My father’s a funny guy, and very much two sides of a coin, in terms of personality. Growing-up, he was full of the typical dad jokes and watched cartoons every Saturday morning. There was also the occasional telenovela, whenever he thinks no one is looking (he doesn’t speak any Spanish, mind you). On the other hand, he’s a wealth of information who collects non-fiction books, mostly on historical or current events, constantly watches or listens to the news. He enjoys wearing his pakol hat everywhere (the kind of Afghan hat that was described as “a tea cozy” in the movie Amélie) and is mildly obsessed with the squirrels that constantly uproot all the flowers he and my mother plant.  Despite having come to the U.S. for political asylum in the late 70s, he has a deep-rooted fondness for redneck jokes that I will never understand. Knowing all these things, my mother gave him both a squirrel-themed and redneck-themed card that made him laugh so much he started coughing at the dinner table. He’s a funny guy, my dad. We’re fundamentally very different people, which doesn’t make things easy, but at the end of the day we have a lot to learn from each other. I can teach my father about his iPhone, and he can tell me all about any historical event known to man. I kid you not. Trouble is, I don’t even know that much about the iPhone.

Luckily, we both can tell pretty good stories.

EVA♥

Where did November Go?!

Hello everyone!

I’m sure many of you, like me, are wondering just where the heck the last month went. Well, it may have come and gone in a blink, but I sure did enjoy the last few days of November.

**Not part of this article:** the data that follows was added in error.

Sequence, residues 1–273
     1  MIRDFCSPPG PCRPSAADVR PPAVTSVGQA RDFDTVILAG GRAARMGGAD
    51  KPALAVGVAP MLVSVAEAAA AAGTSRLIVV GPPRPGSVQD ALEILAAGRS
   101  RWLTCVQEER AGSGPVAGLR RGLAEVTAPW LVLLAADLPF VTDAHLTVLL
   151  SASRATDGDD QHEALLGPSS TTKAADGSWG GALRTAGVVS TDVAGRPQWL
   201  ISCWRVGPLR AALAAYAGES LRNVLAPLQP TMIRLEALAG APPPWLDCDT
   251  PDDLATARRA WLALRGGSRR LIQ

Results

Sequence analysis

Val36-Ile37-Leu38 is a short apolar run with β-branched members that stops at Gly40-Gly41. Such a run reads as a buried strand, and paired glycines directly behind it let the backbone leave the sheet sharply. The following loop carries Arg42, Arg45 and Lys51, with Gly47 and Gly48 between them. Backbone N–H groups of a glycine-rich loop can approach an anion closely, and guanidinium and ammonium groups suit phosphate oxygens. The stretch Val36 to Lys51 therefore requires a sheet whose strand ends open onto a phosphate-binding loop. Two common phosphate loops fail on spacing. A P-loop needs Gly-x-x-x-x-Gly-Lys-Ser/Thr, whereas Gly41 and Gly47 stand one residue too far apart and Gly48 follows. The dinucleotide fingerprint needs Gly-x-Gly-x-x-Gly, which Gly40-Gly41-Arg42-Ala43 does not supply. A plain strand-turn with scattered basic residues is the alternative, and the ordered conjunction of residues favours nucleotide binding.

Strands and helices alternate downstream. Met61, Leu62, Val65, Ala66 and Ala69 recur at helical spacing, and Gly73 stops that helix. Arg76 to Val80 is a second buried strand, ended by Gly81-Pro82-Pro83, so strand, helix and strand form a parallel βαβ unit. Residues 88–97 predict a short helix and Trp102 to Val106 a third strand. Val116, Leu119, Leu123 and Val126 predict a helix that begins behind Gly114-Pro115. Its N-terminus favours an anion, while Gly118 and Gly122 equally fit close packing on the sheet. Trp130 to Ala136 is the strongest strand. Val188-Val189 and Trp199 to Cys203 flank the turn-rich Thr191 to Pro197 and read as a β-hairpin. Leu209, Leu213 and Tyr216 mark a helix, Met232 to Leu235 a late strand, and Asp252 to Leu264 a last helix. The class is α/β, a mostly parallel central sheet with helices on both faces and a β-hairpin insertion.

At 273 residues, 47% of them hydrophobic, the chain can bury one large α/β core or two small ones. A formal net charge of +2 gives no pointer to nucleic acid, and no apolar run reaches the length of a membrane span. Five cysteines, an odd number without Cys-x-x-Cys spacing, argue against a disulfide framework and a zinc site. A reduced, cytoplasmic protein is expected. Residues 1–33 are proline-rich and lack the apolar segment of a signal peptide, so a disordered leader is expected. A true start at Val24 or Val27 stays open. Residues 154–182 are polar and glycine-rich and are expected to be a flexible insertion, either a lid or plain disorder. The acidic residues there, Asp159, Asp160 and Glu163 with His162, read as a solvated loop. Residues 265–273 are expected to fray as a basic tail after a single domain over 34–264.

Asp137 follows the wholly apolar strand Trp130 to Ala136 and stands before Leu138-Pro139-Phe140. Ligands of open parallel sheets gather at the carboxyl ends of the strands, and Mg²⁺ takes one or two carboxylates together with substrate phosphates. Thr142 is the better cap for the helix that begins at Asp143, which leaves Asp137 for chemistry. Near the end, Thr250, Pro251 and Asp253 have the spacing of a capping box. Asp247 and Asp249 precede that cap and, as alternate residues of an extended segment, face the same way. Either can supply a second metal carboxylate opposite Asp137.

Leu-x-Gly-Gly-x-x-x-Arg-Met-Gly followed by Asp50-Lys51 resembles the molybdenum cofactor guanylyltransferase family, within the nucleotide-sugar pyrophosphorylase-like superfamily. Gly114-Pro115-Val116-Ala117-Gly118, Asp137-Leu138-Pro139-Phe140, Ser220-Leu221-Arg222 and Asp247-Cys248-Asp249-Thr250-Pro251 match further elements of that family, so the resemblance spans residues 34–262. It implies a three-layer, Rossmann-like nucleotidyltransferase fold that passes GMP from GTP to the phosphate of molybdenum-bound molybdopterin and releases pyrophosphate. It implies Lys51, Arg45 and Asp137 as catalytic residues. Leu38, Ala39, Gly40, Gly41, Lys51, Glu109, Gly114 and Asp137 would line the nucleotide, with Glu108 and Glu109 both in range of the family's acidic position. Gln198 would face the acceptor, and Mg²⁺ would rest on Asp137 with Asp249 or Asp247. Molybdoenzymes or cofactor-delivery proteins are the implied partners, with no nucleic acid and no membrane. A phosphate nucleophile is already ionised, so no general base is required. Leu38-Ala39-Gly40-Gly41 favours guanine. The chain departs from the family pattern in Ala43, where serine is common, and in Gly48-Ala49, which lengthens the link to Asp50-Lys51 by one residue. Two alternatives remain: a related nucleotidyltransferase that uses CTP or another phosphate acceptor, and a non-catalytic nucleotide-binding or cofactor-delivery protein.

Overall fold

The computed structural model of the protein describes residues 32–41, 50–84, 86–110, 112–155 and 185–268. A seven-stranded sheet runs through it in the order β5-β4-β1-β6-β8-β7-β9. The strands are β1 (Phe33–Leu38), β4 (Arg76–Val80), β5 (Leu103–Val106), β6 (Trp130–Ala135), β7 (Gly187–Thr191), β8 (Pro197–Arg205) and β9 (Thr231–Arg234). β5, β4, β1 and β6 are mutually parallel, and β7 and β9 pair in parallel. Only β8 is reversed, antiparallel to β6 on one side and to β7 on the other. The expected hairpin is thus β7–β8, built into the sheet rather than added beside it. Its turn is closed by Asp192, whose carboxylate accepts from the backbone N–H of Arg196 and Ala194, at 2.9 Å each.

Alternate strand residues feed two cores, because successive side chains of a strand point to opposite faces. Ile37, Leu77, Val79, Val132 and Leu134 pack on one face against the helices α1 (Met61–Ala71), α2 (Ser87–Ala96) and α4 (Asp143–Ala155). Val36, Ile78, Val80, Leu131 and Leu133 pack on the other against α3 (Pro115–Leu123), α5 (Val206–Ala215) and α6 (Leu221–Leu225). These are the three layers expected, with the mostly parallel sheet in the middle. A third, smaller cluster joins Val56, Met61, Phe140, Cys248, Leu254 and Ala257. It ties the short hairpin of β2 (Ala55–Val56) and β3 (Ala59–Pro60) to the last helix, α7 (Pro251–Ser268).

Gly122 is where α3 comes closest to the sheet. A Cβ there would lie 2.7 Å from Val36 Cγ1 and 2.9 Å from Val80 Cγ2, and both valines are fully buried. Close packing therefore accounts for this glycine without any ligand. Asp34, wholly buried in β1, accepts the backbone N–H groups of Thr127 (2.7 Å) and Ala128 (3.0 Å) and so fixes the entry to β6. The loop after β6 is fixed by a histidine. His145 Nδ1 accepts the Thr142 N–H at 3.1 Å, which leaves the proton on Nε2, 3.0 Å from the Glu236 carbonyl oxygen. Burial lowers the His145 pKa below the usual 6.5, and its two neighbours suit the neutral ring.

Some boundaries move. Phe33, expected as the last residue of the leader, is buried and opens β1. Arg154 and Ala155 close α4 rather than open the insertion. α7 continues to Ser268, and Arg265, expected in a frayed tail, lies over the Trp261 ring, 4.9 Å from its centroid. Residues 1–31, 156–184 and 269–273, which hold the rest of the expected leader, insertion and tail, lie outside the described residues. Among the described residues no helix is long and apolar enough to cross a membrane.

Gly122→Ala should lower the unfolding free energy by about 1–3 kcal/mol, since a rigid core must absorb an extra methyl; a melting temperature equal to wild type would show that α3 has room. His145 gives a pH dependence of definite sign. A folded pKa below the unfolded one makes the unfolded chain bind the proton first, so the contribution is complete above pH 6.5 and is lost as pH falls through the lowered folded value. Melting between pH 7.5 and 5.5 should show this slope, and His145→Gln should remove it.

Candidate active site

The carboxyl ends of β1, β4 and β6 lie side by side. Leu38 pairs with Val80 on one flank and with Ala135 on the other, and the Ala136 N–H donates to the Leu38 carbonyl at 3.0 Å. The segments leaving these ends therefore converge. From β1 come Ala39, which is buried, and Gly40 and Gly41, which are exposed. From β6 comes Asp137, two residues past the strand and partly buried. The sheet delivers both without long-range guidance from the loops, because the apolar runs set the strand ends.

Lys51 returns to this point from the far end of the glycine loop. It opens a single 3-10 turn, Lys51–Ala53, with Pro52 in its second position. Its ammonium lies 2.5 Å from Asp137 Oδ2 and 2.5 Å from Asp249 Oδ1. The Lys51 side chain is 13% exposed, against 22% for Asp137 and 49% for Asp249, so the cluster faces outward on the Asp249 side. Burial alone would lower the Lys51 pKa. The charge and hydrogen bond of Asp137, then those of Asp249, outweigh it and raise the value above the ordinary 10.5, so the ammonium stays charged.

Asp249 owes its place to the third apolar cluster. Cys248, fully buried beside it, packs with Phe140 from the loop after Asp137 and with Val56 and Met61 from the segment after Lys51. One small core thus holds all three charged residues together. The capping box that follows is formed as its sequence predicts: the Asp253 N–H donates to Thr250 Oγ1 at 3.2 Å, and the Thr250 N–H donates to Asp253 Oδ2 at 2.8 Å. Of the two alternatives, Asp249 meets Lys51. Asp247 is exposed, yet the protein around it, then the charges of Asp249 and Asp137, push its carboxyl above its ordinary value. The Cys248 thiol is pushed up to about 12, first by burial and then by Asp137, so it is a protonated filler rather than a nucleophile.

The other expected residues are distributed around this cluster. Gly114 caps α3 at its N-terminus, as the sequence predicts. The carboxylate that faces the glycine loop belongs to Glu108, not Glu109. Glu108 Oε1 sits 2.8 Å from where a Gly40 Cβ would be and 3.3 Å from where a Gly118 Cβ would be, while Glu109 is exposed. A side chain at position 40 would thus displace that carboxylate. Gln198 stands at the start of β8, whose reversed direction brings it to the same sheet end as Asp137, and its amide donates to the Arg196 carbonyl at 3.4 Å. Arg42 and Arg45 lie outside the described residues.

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This is what I was in charge of this Thanksgiving. Yes, I did an excellent job.

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It wouldn’t be the holidays without Jeb, the tri-pod dog with the amazing spirit.

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Awesome people photos c/o Kira Smith & Perry, the man in black.

My dear friend Maren and I. She has my back. We have plans to grow old together and annoy each other endlessly after our husbands are gone. There are twin rocking chairs on the porch waiting for us in our old age together.

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In case you missed last year’s Thanksgiving post, my girlfriends and I have a longstanding tradition of celebrating our very own Thanksgiving together. It’s been going on five years now, and keeps getting better. We make a mean turkey, using Oprah’s favorite recipe, and all the fixins.’ Friends Reggie & Jas also joined us this year, and brought along a fantastic holiday cocktail consisting of egg nog, Kahlua, and Jim Beam. This of course means that I did get to try egg nog for the first time ever in my life. It’s like liquid Christmas pudding, really.

We have an annual tradition of taking fabulous photos in front of our dining table, only to later put on pajamas/sweatpants and finally eating our meal. We also like to take some time and go around the table sharing the things we’re thankful for this year. I’m fairly sure that every year I say that I’m so thankful to be able to spend time with the family I’ve chosen for myself. They’re very important people to me, after all. I’m also thankful that my friend Xela (pictured above in the royal blue dress) came through a very serious, recent surgery just fine. She’s a very inspiring human being. In fact, all my girlfriends inspire me. Maren, my college roommate for years, is studying to be a nurse, and is definitely the kind person I would want by my side in any emergency. I’m friggin’ thankful that so many strong women are my friends, and that I get to spend holidays with them.

I hope you all also had a wonderful Thanksgiving. Happy Holidays!

EVA♥